IHAVE BEEN AT THIS GARDENING THING LONG ENOUGH to know what I like, I told my indecisive self the other day as I sat, overwhelmed, surrounded by far too many seed catalogs. I don’t have to try everything anymore—I’m allowed to play some favorites, right, and make some snap decisions? With kale and chard and mesclun mix and a few other key greens, at least, I need not browse or comparison-shop, because I like these:
CHARD: ‘Bright Lights’ may be the beauty-contest winner, with runner-up going to ‘Rhubarb’ or ‘Ruby Red,’ as it is variously called. But I’ll forego the flash and just sow ‘Argentata’ from here on out, I think. A prolific and durable grower, ‘Argentata’ gets to as much as 3 feet tall (2ish in less fertile conditions) and produces lots and lots of giant leaves with gleaming thick white midribs. Apparently this heirloom goes by another name in Italy, ‘Bionda á Costa,’ where it is also a favorite. Fedco has my favorite chard, and many others.
KALE: Kale is one of my dietary mainstays, an ingredient in many soups here and a frequent side dish (both things are true about the the chard as well). Last year, I grew four kinds, but I won’t again, especially not the frilly ‘Winterbor’ type or its lookalikes (above left), my un-favorite (though productive and cold-hardy). I simply don’t like its texture, so I am giving my kale real estate to the heirloom I still call ‘Ragged Jack’ (now listed as ‘Red Russian’ in catalogs, young foliage above right), with its purple-tinged oak-shaped leaves. I’m also partial to ‘Lacinato’ (also called ‘Nero di Toscana’ or ‘Dinosaur’ kale or just Tuscan kale, with its narrow, very dark foliage, below). Hudson Valley Seed Library has both my favorite kales, and more.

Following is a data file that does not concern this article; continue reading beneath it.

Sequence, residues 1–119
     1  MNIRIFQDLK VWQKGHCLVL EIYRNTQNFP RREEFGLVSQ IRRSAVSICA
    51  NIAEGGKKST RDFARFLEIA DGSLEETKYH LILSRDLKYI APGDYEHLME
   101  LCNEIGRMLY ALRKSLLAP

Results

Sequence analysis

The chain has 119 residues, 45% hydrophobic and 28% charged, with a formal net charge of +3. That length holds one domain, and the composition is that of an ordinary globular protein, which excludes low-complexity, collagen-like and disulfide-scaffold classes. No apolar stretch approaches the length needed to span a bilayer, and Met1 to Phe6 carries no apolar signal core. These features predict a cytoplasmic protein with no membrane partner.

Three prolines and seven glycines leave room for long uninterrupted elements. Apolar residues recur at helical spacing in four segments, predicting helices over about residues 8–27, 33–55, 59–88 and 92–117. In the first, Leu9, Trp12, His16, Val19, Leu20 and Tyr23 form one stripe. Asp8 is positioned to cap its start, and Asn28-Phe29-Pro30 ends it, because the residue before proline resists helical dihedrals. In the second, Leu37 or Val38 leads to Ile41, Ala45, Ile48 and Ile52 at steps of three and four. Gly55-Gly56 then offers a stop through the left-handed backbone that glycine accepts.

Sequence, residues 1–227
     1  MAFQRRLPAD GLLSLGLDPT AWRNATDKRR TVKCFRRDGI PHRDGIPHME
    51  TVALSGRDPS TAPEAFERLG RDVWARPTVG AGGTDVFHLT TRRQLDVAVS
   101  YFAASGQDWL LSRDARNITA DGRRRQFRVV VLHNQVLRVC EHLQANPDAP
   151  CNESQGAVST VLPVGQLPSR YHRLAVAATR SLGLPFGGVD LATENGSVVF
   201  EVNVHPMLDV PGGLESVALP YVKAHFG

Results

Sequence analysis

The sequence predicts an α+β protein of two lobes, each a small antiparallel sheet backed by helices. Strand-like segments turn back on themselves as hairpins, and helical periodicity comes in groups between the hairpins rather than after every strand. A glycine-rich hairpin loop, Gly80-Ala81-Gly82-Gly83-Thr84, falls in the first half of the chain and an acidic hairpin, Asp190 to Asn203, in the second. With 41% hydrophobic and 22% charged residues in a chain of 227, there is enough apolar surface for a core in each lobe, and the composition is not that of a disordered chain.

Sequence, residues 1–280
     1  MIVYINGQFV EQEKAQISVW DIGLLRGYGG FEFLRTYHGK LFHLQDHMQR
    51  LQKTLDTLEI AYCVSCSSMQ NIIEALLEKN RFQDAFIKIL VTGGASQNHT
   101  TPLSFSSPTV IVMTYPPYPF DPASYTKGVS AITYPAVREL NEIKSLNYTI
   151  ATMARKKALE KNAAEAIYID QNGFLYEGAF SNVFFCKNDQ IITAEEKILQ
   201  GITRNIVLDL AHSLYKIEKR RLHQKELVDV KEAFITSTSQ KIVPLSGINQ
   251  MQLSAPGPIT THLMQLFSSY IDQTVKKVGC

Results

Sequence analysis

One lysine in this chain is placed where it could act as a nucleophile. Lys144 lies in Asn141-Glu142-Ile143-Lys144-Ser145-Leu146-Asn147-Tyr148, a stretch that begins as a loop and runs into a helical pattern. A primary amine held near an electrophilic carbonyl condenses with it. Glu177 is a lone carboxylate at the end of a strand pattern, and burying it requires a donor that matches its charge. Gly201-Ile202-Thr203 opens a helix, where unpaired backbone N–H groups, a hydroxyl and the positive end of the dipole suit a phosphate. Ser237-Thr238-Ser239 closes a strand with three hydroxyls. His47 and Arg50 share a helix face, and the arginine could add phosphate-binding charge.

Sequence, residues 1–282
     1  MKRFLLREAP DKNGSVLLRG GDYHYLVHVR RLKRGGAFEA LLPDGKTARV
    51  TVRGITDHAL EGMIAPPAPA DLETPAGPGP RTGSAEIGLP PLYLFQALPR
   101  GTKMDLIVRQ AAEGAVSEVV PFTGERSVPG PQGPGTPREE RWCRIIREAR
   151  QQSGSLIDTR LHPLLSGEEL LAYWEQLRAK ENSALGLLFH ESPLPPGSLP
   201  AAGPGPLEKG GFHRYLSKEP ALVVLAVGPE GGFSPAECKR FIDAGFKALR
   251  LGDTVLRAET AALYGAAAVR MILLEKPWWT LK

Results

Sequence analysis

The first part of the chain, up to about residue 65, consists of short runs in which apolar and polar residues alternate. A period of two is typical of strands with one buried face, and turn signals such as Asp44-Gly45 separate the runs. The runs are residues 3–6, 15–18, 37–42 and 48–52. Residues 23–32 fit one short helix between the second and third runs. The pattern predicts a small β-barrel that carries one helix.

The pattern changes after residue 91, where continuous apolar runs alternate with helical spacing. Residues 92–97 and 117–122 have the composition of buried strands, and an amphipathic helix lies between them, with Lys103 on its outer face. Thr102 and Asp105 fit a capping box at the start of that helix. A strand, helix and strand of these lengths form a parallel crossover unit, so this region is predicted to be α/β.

MESCLUN AND BRAISING MIXES: I think Johnny’s has the world beat on these, and as many times as I stray elsewhere out of curiosity, I keep coming back for two in particular: Spicy Mesclun for the salad bowl (includes mizuna, arugula, endive, mustard and tatsoi with mild red lettuces) and their Braising Mix for light cooking. The flavorful blend contains various Asian greens plus kale.
ARUGULA is my idea of a salad essential, and the spicier the better. That’s why I like the “wild” kinds like ‘Sylvetta’ with the yellow flowers (not white), a tipoff that you’re not getting Eruca sativa at all (the species of the common salad kind) but a species of Diplotaxis. I swear this plant rebounds from frost after frost, it’s so tough—its only drawbacks being a much smaller, deeply cut leaf and slower growth. If you really like that intense arugula taste, a little of this goes a long way, though. Territorial Seed has both kinds.
PARSLEY: The choice of Parsley is a cinch, too; make mine ‘Giant of Italy’ or ‘Gigante’ parsley and that it is—shrubby plants with oversized leaves of robust flavor (top photo). Even a few of them in the garden provide more than I can eat in a season, and I make parsley pesto for cooking (above) and also freeze parsley in rolls as I explained in this post.
SORREL: I keep forgetting to grow Sorrel, Rumex acetosa, technically cold-hardy enough to be a perennial–but cut the leaves continually when they are young for best enjoyment of its lemony flavor. You can also grow sorrel as a biennial, sowing a fresh bit every year and digging out the old plants. Why did I ever forget this one, which used to be in every year’s garden here? The Well-Sweep Herb Farm catalog has an astonishing five sorrels for sale (note: unless you order a paper copy it’s in a PDF, and they are listed botanically under Rumex).
Now that the easy stuff’s decided, it’s back to the pile of catalogs I go. I don’t mind getting lost in pumpkins and tomatoes and beans—and a sexy new thing or two—and maybe I can finally focus now that the field’s a bit narrower.
Do you have some no-brainers, varieties you always order, whose competition you simply don’t care to hear about? Which are your “sure things”?